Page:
Accidents happen. Their causes are physical, and it’s our actions that make them likely or unlikely, not the names we call them. I know this. Yet the inherent biases of the human mind are such that it is very, very hard to resist the feeling that the British guy who named his new boat the Titanic II was tempting fate. Especially given that it sank.
And speaking of infamous disasters, I want briefly to hark back to this post May 13 about leadership—in which I noted an interesting study suggesting that people see facility with ideas as incompatible with leadership qualities. I thought it might explain what puts voters off about Newt Gingrich: That feeling that “he’s sure got a lot of ideas, but he’s never really stuck with an idea for very long,” as his one-time colleague Dick Armey said about Gingrich last month. I also wrote that this might help explain what I expected would be the imminent implosion of Gingrich’s campaign—the sort of sentence, which, as you write it, makes you think, boy, I’m going to be eating crow if there’s a Gingrich inaugural.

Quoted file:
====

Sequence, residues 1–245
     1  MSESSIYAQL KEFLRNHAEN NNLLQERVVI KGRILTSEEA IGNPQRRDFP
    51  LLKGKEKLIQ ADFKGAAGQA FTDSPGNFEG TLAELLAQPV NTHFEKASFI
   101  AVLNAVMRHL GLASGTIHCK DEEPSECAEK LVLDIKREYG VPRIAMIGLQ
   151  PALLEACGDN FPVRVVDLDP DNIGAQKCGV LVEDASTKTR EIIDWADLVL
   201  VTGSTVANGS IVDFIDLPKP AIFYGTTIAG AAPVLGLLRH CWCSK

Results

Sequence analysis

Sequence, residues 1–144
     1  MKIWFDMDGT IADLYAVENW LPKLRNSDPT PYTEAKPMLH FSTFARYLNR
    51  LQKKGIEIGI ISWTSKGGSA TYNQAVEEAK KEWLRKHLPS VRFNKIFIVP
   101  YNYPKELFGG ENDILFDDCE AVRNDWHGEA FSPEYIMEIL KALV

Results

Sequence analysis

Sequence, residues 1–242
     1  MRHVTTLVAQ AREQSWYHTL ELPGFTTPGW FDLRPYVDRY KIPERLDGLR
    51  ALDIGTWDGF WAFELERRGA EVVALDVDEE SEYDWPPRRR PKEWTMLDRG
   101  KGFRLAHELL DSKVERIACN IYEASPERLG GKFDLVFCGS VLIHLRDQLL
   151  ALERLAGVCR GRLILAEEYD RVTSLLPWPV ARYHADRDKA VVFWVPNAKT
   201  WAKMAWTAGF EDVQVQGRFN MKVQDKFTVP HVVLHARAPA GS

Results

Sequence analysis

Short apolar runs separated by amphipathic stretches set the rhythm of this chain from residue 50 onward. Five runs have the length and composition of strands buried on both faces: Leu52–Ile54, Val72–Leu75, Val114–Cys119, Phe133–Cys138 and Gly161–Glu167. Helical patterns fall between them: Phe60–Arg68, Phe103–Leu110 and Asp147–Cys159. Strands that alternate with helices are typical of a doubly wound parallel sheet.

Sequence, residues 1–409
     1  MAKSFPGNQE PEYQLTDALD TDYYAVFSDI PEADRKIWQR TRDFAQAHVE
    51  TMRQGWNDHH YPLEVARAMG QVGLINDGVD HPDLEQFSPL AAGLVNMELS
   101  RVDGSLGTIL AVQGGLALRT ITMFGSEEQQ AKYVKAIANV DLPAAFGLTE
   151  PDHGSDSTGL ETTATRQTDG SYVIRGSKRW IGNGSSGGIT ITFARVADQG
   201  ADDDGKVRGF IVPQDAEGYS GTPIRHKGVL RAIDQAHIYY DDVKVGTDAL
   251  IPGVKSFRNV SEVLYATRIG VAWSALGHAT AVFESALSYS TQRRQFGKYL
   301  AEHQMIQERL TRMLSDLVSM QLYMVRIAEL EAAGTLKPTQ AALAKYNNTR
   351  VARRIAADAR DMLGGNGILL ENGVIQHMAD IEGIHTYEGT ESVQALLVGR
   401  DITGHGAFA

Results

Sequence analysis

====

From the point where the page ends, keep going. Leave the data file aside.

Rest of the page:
Embedded in a cell phone or in accessories such as rings, bracelets or watches, the novel tools aim to make it easier to manage hypertension. But they must still pass several tests before hitting the clinic.